A Different kind of Obituary: Madelyn Linsenmeir, 1988-2018

I have published a number of humorous obituaries over the years. However, a newsletter reader sent an obituary to me today that isn’t humorous, but sad. Nonetheless, I will suggest that everyone, genealogists and non-genealogists alike, should read this one.

Yes, it is sad. It is also important in these times in which we live. Please forward it to anyone and everyone that you love and perhaps you are concerned about their lifestyles.

The obituary for 30-year-old Madelyn Linsenmeir may be found at: https://www.sevendaysvt.com/vermont/madelyn-linsenmeir-1988-2018/Content?oid=21797604.

9 Comments

Yes, such a sad obit. And there are so many, many people with this disease. We definitely need to help them all we can—not condemn them.

Like

Thanks for sharing this. The public needs to be aware of illnesses like this, and the toll it takes on families and society. More compassion and help are needed.

Like

This was heartbreaking to read but I am glad that you shared it. And to all of pharmaceutical manufacturers out there – if you are not part of the solution then you are part of the problem.

Like

Wow. Honest. Well-written.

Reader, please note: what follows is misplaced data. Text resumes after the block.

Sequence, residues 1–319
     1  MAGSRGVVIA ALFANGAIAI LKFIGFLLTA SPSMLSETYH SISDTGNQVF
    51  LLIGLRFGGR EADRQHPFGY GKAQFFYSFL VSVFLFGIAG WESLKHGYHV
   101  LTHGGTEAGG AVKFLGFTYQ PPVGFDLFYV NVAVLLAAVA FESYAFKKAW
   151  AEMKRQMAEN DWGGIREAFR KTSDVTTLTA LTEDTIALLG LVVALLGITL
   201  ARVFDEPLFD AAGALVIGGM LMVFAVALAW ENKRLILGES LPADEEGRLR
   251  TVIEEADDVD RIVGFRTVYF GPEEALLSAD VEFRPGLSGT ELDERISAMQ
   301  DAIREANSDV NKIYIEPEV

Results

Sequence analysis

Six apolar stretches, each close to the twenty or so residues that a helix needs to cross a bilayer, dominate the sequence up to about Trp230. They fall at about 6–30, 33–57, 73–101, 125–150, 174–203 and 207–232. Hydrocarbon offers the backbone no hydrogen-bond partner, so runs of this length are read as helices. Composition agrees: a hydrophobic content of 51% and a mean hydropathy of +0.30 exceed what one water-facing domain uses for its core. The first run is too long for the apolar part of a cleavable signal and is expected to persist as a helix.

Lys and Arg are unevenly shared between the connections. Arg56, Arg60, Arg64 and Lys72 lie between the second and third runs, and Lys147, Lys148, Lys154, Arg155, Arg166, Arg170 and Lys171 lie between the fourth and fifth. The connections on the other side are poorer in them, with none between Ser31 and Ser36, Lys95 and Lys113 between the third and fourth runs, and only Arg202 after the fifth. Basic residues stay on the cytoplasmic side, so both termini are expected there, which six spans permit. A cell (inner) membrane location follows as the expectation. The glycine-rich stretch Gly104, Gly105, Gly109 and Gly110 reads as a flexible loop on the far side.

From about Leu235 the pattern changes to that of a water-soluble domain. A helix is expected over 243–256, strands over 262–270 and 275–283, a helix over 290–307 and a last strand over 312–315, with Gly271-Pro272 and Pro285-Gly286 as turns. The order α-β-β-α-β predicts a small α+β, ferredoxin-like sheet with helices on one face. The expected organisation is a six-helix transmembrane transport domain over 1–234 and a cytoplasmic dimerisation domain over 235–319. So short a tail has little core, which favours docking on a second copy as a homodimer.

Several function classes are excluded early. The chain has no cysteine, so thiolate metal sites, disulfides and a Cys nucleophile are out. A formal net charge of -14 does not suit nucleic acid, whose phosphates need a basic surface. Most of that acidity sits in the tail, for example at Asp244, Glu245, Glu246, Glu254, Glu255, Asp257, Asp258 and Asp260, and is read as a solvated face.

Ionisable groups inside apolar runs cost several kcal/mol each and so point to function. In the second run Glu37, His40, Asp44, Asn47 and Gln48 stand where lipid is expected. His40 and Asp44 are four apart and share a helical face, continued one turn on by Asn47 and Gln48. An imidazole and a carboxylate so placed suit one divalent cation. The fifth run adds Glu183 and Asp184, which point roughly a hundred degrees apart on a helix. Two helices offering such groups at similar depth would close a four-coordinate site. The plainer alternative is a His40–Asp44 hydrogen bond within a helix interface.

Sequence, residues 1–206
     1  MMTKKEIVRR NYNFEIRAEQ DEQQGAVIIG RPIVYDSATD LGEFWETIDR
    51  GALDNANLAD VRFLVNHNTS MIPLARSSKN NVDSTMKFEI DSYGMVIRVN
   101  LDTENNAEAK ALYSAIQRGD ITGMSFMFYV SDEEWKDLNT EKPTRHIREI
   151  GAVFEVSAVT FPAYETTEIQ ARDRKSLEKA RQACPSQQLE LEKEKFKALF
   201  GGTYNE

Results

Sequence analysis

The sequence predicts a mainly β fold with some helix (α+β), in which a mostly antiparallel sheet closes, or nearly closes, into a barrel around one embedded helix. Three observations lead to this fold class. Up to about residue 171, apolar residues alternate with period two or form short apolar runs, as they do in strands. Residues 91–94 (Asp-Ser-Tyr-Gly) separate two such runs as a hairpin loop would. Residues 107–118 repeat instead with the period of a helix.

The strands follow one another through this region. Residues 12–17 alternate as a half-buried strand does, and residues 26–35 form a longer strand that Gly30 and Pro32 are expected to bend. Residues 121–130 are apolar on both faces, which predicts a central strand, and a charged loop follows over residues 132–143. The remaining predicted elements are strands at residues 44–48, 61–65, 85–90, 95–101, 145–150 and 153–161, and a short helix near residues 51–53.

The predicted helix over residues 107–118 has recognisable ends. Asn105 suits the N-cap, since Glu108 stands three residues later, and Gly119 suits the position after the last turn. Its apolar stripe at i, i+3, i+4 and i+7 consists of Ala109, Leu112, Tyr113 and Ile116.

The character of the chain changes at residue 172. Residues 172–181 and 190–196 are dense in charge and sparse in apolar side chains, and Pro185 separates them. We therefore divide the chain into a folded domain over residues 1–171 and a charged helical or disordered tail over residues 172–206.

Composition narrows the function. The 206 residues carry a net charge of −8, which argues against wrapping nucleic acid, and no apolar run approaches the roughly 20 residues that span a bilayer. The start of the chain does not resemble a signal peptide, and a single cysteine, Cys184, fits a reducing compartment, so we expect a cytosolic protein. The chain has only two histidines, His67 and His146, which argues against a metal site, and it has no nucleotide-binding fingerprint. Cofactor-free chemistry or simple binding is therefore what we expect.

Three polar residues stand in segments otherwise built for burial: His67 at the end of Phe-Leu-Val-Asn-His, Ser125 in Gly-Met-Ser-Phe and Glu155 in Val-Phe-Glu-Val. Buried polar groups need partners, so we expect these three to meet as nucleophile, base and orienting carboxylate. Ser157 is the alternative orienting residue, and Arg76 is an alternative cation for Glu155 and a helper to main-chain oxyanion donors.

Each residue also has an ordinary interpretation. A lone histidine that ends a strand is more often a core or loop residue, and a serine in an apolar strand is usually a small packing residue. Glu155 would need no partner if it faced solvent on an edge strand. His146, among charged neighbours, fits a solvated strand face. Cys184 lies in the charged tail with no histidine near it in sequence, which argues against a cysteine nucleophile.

Like

Thank you for sharing this! I lost a talented, charming, handsome nephew to addiction just short of his 21st birthday. His addiction started when his oral surgeon prescribed oxycontin after extracting wisdom teeth. His parents wrote a similar obit … hoping to educate people about addiction. Luke’s death was a terrible loss to the world, not just to his family.

Like

What makes a person addicted to Oxy? I was prescribed it last year when I had a hip replacement. Knowing the dangers of it, I only took it for a week and then threw the rest away. I wasn’t sure what to expect from it other than pain relief and I handled that after I threw the rest away. Why did I not get addicted?

Like

Some people can drink alcohol and never become alcoholics. It’s different for everyone. Thankfully, you did not become addicted to Oxy. I take hydrocodone for chronic pain. Sometimes, we need those things. I’m not addicted, and I hope I never will be.

Like

So sad. A loss in many ways. Shows that sometimes love just isn’t enough. R.I.P.

Like

Thank you for sharing. How very sad for everyone, especially her family. It’s important to be kind and empathetic to others, you never know what its like to live in their shoes.

Like

Leave a Reply

Name and email address are required. Your email address will not be published.

Fill in your details below or click an icon to log in:

WordPress.com Logo

You are commenting using your WordPress.com account. Log Out /  Change )

Google+ photo

You are commenting using your Google+ account. Log Out /  Change )

Twitter picture

You are commenting using your Twitter account. Log Out /  Change )

Facebook photo

You are commenting using your Facebook account. Log Out /  Change )

Connecting to %s

You may use these HTML tags and attributes:

<a href="" title="" rel=""> <abbr title=""> <acronym title=""> <b> <blockquote cite=""> <cite> <code> <del datetime=""> <em> <i> <pre> <q cite=""> <s> <strike> <strong> 

This site uses Akismet to reduce spam. Learn how your comment data is processed.

%d bloggers like this: